Courses & Certificates
Protecting Children in Humanitarian Settings
This course examines how children’s social environments at different levels, such as the family, community and societal levels, influence children’s adversity, development and resilience. Course participants will engage in critical thought about current international child protection practice and how to strengthen it. The course will invite participants to identify opportunities for using the learning from science and practice, to enrich current child protection approaches in humanitarian settings.
International Humanitarian Law
This course will help you understand these complex legal issues by teaching you the norms governing armed conflicts, also known as ‘International Humanitarian Law’ (‘IHL’).We will address these issues in light of recent practice, including the fight against ISIS and Al-Qaeda in different regions of the world, as well as other recent and older conflicts, such as those in Armenia, Afghanistan, Libya, Mali, and the Israeli-Palestinian one.
The course will provide essential theoretical and practical knowledge for students, researchers and academics who wish to specialize in International Humanitarian Law as well as professionals, including members of NGOs, involved in armed conflict situations, or even members of armed forces.
International Humanitarian Law in Theory and Practice
In this course, Prof. Robert Heinsch, Dr. Giulia Pinzauti and Dr. Emma Irving will give you a deep insight into the rules that govern armed conflict, and aim to mitigate human suffering on the battlefield. You will explore the why and how of IHL, followed by the different types of conflict. In no time you will find out which rules apply to the civil war in Syria, the military intervention in Ukraine and the occupation of the West Bank. During this course, you will learn how hostilities should be waged: Which weapons can be used by combatants and other fighters? And, who should never be a target during military operations? We will also look into the concept of protected persons, and you will find out how IHL affords protection to the sick and wounded, medical personal, detainees, children, journalists and other persons who are not - or not anymore - fighting. At the end of this course, you are introduced to the different implementation and enforcement mechanisms that aim to increase respect for IHL. Here, you are invited to think critically whether IHL works!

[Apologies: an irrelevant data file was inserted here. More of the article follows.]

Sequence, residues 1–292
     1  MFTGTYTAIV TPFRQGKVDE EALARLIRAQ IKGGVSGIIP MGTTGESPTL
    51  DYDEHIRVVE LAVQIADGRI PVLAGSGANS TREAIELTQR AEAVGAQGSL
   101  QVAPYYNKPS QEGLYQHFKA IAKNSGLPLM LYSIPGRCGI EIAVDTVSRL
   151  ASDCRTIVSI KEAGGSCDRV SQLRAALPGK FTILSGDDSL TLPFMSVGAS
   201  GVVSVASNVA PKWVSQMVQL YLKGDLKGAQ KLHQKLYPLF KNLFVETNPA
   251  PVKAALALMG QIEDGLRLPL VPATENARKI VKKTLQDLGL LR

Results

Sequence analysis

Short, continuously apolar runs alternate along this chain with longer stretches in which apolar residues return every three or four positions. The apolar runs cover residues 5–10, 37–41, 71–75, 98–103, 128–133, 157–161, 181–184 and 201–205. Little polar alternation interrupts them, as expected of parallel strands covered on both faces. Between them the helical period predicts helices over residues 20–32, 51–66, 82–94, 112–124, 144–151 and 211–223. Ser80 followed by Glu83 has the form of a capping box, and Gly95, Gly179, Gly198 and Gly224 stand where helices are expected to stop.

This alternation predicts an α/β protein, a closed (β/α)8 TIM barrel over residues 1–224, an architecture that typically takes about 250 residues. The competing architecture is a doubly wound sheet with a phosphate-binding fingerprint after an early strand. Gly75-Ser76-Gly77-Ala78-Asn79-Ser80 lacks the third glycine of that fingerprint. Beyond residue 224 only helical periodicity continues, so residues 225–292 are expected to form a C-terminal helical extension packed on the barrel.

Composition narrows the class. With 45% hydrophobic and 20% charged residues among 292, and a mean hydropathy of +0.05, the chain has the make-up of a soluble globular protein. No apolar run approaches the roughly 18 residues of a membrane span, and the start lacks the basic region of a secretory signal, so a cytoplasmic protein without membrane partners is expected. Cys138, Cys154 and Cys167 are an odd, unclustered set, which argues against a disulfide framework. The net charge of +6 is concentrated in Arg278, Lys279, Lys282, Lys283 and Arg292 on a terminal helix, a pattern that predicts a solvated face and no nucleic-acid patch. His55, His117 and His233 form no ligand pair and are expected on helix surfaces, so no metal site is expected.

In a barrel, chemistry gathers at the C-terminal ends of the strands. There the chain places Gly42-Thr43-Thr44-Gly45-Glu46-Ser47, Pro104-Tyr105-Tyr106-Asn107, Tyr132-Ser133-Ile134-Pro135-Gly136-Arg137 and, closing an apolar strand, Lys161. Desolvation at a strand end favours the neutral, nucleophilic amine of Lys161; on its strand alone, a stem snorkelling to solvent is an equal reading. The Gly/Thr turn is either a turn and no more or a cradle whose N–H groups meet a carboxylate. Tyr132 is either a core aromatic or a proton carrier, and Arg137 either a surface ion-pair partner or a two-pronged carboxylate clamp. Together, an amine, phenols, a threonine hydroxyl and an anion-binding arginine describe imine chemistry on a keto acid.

Humanitarian Response to Conflict and Disaster
From the Syrian refugee crisis to the West Africa Ebola outbreak, humanitarian emergencies have reached unprecedented dimensions and proportions. As need for humanitarian aid grows, how can efforts to alleviate human suffering evolve with it?
This course from the Harvard Humanitarian Initiative and HarvardX seeks to prepare learners to recognize and analyze emerging challenges in the humanitarian field. The course explores the ethical and professional principles that guide humanitarian response to conflict and disaster. Participants will learn the legal and historical frameworks that shaped these principles, test their applicability to the challenges faced by humanitarian actors today.
Humanitarian communication: Addressing key challenges
Learn how to address the main challenges of communication in humanitarian settings and how to implement a communication plan in the midst of humanitarian action.
Public Health in Humanitarian Crises
This course, Public Health in Humanitarian Crises 1, introduces discussions about the public health approach to problems experienced by people affected by disasters, both natural and related to conflict. The course discusses the many changes which occur in people’s lives when they are uprooted by a disaster, ranging from changes in disease patterns, access to health care, livelihoods, shelter, sanitary conditions, nutritional status, etceteras. We will explore what humanitarian interventions could look like if we want to mitigate the effects of disasters. The course content is a mix of theoretical knowledge and many practical examples from recent disasters. We think this course is unique because it contains so many practical ‘real-life’ examples and is taught by instructors and guest lecturers who together have over 200 years of experience in this field.
Non-Communicable Diseases in Humanitarian Settings
NCDs are the leading cause of death in almost every region of the world, and place a huge burden on individuals, families and societies. Humanitarian settings have a negative effect on the levels of disease, and the possibility of treatment. The importance of NCDs in global health is acknowledged by their inclusion in the Sustainable Development Goals, which call for a reduction of a third in premature mortality from NCDs by 2030. However, NCDs have until recently received little attention in humanitarian settings, leaving prevention, care and treatment needs largely unaddressed among some of the most vulnerable populations. According to the World Health Organization, 70 percent of global deaths are due to NCDs. The four main disease groups which cause the greatest number of deaths are cardiovascular disease, cancer, diabetes and chronic obstructive pulmonary disease (including asthma).
The course will provide knowledge about issues and dilemmas that occur around NCDs in humanitarian settings and possible solutions.